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Data, Data Everywhere

This article has been an open tab on my browser for a few months (tabs are just another way to store massive amounts of information that I’ll likely never get to): Data, Data Everywhere:

All these examples tell the same story: that the world contains an unimaginably vast amount of digital information which is getting ever vaster ever more rapidly. This makes it possible to do many things that previously could not be done: spot business trends, prevent diseases, combat crime and so on. Managed well, the data can be used to unlock new sources of economic value, provide fresh insights into science and hold governments to account.
But they are also creating a host of new problems. Despite the abundance of tools to capture, process and share all this information—sensors, computers, mobile phones and the like—it already exceeds the available storage space. Moreover, ensuring data security and protecting privacy is becoming harder as the information multiplies and is shared ever more widely around the world

Until recently, information abundance was an effect of the internet. Now the relationship has been altered: Information abundance now drives everything. More than any element, this abundance changes society, technology, business, government, and education. As Anderson stated three decades ago: More is Different. While at the EDEN conference in Valencia, during a keynote panel, the question was asked about future directions in the educational technology field. My response: for near-term and long-term impact, learning analytics promises to form the basis of new trends, decision making models, teaching, governance, and new opportunities in education. At TEKRI , we involved in organizing a conference in December (Banff, Alberta) on learning analytics to tackle this topic in more depth. If you’re interested in being involved in organizing or sponsoring the event, let me know.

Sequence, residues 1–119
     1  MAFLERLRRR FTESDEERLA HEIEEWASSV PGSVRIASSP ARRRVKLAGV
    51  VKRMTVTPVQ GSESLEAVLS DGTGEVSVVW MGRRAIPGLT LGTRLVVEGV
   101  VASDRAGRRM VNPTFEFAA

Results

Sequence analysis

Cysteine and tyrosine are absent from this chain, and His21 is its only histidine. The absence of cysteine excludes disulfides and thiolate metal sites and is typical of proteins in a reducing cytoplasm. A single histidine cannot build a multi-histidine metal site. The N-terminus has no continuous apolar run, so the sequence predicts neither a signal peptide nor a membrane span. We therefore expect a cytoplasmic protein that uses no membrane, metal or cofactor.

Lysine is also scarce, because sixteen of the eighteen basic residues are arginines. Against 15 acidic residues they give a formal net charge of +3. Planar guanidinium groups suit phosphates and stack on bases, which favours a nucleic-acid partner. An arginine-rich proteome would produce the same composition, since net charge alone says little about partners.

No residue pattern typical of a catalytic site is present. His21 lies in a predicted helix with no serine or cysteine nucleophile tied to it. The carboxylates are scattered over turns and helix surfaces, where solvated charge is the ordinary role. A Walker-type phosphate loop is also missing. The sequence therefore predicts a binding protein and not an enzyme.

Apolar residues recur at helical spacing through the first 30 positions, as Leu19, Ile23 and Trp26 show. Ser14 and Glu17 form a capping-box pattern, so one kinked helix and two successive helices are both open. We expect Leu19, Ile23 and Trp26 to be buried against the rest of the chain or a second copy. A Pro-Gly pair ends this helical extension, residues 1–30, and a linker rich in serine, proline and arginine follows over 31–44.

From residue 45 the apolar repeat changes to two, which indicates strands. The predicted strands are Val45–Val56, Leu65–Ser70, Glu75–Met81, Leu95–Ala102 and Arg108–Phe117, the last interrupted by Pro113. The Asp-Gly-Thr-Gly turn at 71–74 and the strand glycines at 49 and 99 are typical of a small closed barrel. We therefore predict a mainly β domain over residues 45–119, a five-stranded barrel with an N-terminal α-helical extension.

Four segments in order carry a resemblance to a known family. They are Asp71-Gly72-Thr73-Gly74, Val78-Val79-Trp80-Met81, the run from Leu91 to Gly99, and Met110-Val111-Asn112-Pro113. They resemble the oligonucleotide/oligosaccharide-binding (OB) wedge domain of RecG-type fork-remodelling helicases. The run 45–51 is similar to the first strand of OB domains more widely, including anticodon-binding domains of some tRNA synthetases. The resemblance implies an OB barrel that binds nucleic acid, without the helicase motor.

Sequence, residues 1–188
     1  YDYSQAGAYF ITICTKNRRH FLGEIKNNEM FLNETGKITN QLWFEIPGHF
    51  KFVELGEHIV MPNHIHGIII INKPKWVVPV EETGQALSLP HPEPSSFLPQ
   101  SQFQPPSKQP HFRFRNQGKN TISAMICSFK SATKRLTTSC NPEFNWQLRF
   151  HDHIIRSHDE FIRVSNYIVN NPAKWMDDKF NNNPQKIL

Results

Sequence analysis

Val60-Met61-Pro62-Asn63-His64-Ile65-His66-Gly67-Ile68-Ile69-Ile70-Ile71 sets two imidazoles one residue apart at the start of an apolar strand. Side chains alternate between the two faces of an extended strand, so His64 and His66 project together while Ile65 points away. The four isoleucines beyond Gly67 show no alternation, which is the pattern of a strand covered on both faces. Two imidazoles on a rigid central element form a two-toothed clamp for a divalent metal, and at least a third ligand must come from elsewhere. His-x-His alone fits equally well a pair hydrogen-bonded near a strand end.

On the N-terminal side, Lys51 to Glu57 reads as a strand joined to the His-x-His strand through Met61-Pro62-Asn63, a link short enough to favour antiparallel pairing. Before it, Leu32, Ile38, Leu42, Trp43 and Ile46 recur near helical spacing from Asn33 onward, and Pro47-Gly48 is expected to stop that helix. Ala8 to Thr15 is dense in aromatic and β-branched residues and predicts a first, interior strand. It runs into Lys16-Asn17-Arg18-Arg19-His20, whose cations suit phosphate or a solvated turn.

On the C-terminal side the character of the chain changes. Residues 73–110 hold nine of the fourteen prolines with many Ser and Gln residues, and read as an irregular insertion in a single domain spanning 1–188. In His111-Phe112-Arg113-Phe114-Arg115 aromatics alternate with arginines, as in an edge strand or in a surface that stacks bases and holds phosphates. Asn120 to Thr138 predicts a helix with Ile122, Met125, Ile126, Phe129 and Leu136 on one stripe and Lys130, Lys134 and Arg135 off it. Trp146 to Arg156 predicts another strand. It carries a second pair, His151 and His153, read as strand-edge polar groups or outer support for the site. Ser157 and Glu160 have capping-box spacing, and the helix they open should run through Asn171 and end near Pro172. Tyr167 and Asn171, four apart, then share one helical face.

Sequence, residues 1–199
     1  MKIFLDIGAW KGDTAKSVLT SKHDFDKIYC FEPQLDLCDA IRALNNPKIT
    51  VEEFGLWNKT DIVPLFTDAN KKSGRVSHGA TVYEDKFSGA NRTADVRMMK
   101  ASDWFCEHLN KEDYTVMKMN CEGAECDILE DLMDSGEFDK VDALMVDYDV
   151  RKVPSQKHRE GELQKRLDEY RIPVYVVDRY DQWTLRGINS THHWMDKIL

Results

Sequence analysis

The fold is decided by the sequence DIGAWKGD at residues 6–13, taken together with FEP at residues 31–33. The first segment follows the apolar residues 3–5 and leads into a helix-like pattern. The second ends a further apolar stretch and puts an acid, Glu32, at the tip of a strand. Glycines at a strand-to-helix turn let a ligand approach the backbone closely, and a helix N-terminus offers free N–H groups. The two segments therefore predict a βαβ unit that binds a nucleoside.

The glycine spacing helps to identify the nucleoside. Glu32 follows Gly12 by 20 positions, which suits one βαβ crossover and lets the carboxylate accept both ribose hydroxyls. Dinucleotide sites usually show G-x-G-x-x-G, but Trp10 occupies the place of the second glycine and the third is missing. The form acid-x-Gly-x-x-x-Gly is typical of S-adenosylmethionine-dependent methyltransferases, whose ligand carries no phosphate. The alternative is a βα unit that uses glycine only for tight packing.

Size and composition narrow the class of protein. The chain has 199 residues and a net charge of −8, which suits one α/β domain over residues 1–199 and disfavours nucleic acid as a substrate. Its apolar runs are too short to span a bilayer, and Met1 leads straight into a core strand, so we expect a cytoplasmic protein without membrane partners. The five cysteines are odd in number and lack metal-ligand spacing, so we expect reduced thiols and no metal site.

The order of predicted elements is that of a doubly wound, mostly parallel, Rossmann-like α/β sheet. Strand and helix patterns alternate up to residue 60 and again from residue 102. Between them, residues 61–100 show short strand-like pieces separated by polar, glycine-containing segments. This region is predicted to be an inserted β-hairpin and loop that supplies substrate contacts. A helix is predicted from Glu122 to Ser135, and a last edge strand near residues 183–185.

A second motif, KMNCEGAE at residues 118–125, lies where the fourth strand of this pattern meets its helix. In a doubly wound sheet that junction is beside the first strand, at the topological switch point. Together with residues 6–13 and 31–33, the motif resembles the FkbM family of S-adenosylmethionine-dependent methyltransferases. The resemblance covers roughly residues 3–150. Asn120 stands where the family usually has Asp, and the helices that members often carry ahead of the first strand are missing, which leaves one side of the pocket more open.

One Comment

  1. Shane Dawson wrote:

    Hi George,
    Would appreciate more details on the learning analytics conf. As you are aware, through Phil Long, we have been working in this area at UBC and back in Aus for awhile. Very interested in how we may be able to form more research collaborations in this area.

    Hope all is well
    Shane

    Thursday, June 17, 2010 at 9:14 am | Permalink